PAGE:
Last spring my dh bought me an iTouch. One of the first apps I looked for was a planner, a task manager. I looked at quite a few, tried out a couple, and settled on an app called 2do. This has become a mainstay of my life organization. I use it to keep track of general tasks that need to be done, kids' school schedules, kids' chores, whose turn it is to do various things for which the kids take turns, gifts I need to buy, prayer requests, trip planning, event planning--you name it, I'm tracking it here!
I'm going to try to describe *how* I use 2do to track all of this.
First, I set up my "calendar tabs". These sort the tasks on my list into various separate screens, each with its own colored label.
When I choose a view that includes all the calendars together, each task item shows a colored bubble identifying the calendar to which it is assigned. Therefore I defined my calendar tabs as people in my household, so that I could easily see which person needed to do which task.
I also began assigning tasks to categories. These don't display unless you drill down to the details of a task, but I can search for a category and then define a custom calendar tab that isn't really a separate calendar but that displays the results of that search. So I can make a tab that shows all the "school" items anytime I click on it, for instance.
A couple of types of tasks needed special handling. School tasks and chores didn't work as well when they were defined just as regular tasks--they tended to overwhelm the to-do list so that other tasks were obscured.
Chores I set up as a special type of list item called a checklist. The individual items on the checklist are not set up to repeat, but the checklist itself is set to repeat weekly. So during the week we mark off the items as they are done, and at the end of the week we mark off the whole checklist, and it regenerates itself with all its items just as it was before, but with a new due date.
School I set up as a special type of list item called a project. This way I could assign a time to each item. However, this type of list item causes each to do on it to display individually on the calendar, and I wanted them all to be contained inside the project like the checklist items were. I only wanted to see the individual items when I drilled down. So after I defined all the tasks and assigned them their times, I changed the type of list item for the "school" project from project to checklist. The times remained (but I can't change them without changing back to project) but the tasks no longer show up unless I drill down inside of school.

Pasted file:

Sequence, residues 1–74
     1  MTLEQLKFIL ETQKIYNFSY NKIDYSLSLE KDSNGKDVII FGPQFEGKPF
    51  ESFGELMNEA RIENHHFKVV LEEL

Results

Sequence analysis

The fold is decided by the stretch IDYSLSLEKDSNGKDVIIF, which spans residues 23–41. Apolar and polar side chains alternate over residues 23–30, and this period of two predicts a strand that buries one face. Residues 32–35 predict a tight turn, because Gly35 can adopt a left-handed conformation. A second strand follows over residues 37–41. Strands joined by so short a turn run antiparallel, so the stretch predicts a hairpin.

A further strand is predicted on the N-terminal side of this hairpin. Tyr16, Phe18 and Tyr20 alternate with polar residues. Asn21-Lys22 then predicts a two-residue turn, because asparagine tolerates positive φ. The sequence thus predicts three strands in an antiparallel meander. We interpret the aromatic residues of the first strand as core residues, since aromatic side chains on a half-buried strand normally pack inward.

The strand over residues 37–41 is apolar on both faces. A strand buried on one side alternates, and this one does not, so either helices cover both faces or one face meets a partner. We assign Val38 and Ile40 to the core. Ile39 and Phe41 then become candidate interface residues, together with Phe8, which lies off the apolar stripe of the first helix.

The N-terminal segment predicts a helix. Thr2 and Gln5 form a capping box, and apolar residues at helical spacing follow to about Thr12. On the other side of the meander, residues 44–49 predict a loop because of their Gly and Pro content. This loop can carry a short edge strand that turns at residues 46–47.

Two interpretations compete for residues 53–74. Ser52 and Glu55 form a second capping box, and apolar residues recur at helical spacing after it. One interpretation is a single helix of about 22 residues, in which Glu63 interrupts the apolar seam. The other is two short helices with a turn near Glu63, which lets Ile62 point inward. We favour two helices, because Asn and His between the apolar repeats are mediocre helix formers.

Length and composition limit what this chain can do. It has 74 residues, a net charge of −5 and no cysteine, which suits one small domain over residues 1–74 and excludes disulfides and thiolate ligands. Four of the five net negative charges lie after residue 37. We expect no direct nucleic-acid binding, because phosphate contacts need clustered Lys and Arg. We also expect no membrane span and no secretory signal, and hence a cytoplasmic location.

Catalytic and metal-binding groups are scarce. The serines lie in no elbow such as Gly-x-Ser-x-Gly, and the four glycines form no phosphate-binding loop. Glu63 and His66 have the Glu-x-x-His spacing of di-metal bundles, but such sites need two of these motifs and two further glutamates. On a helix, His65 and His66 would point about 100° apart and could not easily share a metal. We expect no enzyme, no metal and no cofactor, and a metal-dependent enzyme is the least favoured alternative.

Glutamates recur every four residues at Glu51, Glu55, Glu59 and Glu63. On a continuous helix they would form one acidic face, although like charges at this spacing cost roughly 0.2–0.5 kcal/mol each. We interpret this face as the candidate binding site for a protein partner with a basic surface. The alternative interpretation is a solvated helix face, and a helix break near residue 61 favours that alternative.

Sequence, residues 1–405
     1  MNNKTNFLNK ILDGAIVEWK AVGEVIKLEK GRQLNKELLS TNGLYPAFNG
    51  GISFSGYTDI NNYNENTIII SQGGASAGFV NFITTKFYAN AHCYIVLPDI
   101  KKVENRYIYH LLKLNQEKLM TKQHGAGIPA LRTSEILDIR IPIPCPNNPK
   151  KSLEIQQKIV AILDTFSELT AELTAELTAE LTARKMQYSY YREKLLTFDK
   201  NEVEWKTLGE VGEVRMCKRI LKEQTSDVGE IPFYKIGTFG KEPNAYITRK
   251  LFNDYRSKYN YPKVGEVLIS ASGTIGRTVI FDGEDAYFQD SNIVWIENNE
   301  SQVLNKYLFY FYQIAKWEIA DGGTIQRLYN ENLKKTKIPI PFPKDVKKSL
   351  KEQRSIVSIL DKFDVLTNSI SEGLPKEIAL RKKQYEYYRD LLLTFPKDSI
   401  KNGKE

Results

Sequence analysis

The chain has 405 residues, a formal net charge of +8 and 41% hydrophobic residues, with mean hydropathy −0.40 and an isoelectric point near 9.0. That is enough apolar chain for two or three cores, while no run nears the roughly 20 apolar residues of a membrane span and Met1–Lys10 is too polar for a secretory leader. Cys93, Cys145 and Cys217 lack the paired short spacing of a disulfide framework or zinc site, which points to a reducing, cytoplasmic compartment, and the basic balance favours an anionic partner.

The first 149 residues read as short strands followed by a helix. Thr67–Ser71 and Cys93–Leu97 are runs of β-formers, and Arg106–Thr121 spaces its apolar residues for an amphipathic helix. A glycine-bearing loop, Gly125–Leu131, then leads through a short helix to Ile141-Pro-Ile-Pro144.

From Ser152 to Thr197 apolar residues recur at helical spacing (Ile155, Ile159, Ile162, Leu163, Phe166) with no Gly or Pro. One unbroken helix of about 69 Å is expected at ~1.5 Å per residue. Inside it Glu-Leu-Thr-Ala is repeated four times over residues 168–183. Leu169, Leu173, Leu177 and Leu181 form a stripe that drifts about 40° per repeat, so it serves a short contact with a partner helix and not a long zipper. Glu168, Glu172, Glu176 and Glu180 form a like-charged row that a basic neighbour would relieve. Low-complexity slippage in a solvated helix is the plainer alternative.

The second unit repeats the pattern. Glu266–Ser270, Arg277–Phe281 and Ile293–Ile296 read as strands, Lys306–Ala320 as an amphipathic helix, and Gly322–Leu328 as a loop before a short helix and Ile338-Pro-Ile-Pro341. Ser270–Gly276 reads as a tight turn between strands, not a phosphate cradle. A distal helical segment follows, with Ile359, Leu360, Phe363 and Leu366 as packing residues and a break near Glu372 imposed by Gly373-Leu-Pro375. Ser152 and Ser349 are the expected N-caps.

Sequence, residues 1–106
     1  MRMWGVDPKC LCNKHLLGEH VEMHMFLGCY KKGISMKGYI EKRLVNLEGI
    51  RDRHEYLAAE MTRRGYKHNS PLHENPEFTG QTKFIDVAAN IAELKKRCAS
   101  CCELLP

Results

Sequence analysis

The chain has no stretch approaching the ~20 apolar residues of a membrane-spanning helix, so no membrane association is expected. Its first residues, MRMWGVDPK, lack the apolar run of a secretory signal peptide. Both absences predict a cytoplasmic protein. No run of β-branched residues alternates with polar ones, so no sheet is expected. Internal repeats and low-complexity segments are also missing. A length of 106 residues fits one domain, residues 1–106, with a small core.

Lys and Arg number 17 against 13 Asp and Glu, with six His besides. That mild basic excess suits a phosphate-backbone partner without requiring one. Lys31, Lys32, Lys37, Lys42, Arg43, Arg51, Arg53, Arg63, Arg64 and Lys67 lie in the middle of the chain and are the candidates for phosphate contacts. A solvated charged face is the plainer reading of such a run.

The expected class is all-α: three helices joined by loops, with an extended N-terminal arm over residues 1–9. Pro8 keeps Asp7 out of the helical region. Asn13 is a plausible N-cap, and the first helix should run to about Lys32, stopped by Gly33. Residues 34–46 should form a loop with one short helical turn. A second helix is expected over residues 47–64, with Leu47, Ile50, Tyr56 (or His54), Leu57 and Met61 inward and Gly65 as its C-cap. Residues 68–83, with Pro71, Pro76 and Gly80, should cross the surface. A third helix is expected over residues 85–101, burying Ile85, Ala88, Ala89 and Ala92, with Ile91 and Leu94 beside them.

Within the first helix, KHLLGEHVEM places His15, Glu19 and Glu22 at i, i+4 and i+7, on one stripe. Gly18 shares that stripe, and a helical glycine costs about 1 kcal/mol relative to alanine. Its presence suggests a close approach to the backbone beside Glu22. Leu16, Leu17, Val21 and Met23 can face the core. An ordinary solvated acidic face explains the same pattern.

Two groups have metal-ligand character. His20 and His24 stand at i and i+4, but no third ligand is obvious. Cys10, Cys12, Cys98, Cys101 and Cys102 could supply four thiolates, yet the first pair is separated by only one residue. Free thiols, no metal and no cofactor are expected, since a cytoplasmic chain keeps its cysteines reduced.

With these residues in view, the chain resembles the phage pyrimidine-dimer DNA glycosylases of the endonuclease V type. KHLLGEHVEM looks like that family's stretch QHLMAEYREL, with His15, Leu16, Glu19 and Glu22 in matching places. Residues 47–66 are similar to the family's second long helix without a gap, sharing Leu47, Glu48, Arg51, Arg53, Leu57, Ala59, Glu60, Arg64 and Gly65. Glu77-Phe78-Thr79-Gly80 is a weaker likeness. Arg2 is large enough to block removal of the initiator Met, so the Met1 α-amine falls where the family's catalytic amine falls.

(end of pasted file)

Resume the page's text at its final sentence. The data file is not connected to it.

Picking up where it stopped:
One other key point: when you set the recurrence for a task, you have the option of having the item repeat "on due date" or "on completion". That means that when you mark the task as completed, it will generate a new task with a due date that is either based on the date on which you marked it as complete or the date on which is was due to be completed. For some tasks it doesn't really matter. But for others this is important. For instance, if I forget to mark school as completed on Monday, but I mark it on Tuesday, I still want it to generate a new school item due on Tuesday. That means I want to set my recurrence based "on due date" so that it regenerates on the next day after the items was due. If I had marked "on completion" that item that I marked as complete on Tuesday would regenerate as due on Wednesday.
Thursday, March 17, 2011
Friday, March 4, 2011
We know well that "Education is an atmosphere, a discipline, a life." In other words, we know that parents and teachers should know how to make sensible use of a child's circumstances (atmosphere) to forward his sound education; should train him in the discipline of the habits of the good life; and should nourish his life with ideas, the food upon which personality waxes strong.Charlotte Mason, Volume 3, p. 182
This sums up what we are called upon to do.